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Ad Tech Vet Ben Barokas Launches Sourcepoint to Block Ad Blockers

One sign that ad blocking may be moving from a niche activity to the mainstream: Investors think that ad block blockers could be a good business.

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Peter Kafka covers media and technology, and their intersection, at Vox. Many of his stories can be found in his Kafka on Media newsletter, and he also hosts the Recode Media podcast.

Ad-blocking software for Web surfers isn’t new. But there’s a growing chorus of people who insist that ad blockers are no longer a niche group, but a large subset of Internet users — and big enough to hurt Web publishers that depend on ad revenue.

Here’s another voice making that argument: Ad tech veteran Ben Barokas, who has created a new company to block ad blockers.

Sourcepoint, which is launching today, promises that it can restore ads removed by blocking software like Adblock Plus — or, alternately, insert new ads, or offers to buy subscriptions to the websites ad-blocked users are visiting.

“Ad blocking is a binary solution to a very nuanced problem,” said Barokas. “We need to work with publishers, work with users, and ultimately to work with advertisers to bring transparency back to the equation.”

Barokas won’t explain how his software is able to block ad-blocking software, but he’s not the only one offering a solution. Pagefair, for instance, says it can defeat ad blockers as well.

Barokas’ entry into the field is worth noting because of his advertising business bonafides. He founded and ran AdMeld, an ad optimization service that Google bought for $400 million in 2011. Spark Capital and Foundry Group, which previously invested in AdMeld, have led a $10 million A round in Sourcepoint; other backers include Greycroft and Accel.

For now, Sourcepoint will offer its software to publishers for free. Barokas says that he may eventually take a cut of the revenue from the ads he recovers. He also says he might take a cut of subscriptions a site sells to users who are willing to pay to see something without ads. That assumes, of course, that people who download anti-ad software are willing to pay to see stuff they’re used to seeing for free.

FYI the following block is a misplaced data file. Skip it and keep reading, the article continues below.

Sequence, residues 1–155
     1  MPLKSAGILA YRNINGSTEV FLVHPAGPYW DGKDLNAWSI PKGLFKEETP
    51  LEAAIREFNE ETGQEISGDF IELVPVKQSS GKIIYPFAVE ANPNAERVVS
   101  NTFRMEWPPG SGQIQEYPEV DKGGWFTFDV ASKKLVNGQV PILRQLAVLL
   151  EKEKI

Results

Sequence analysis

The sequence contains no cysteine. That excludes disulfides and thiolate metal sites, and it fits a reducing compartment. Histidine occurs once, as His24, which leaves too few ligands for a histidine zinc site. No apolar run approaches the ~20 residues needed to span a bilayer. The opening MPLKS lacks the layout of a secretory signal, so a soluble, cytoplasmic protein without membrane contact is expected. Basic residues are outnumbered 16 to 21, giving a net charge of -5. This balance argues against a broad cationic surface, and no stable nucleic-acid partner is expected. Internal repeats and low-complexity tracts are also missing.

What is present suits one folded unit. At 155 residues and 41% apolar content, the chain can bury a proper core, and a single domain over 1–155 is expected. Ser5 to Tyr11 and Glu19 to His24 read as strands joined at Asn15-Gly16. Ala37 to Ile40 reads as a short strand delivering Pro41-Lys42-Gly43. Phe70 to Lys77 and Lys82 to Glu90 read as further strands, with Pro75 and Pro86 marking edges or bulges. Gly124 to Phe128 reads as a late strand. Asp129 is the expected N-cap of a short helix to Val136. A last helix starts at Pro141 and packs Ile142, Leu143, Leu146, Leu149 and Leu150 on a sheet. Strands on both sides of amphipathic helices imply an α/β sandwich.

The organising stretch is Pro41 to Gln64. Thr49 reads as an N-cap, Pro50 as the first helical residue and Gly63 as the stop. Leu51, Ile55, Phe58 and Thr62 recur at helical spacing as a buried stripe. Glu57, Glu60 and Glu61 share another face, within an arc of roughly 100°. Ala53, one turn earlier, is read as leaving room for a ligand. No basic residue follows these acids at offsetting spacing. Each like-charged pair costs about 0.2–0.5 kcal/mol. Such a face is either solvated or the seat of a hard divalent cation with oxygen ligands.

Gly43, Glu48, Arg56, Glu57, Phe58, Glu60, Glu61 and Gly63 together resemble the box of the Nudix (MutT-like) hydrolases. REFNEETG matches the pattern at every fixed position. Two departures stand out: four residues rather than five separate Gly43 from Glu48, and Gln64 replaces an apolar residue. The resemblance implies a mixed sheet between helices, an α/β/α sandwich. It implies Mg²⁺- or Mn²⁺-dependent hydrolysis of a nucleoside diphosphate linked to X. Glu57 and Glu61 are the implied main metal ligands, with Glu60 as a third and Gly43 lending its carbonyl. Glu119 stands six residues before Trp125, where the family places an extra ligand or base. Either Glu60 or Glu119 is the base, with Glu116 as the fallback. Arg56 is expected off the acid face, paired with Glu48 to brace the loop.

Also unknown: How big a problem ad blocking really is for Web publishers. For a long time, the biggest group of people who used ad blocking software were people with an ideological opposition to ads, and who were willing to download specialized software to do so.

And some publishers say they still haven’t encountered real problems from ad-blocking users. Others say the software is increasingly used by mainstream Web surfers, including Millennials who realize it’s quite easy to Google “Adblock,” click on a couple buttons and move on with their day.

Last fall Pagefair — which admittedly has its own ad-blocking business to promote — counted 144 million users worldwide with ad-blocking software. That’s about 5 percent of the Web, by their estimates. And Pagefair CEO Sean Blanchfield thinks that number has increased by 50 percent since then.

Another sign that ad blocking could be getting much bigger soon: Apple’s new guidelines for its iOS 9 software give developers the go-ahead to create “content blocking” software that would work on the mobile version of Apple’s Safari browser. Up until now ad blocking generally hasn’t worked on mainstream mobile browsers, and while Apple won’t comment on the new rules, it hasn’t dissuaded anyone from reporting that they give ad blockers the go-ahead for the first time.

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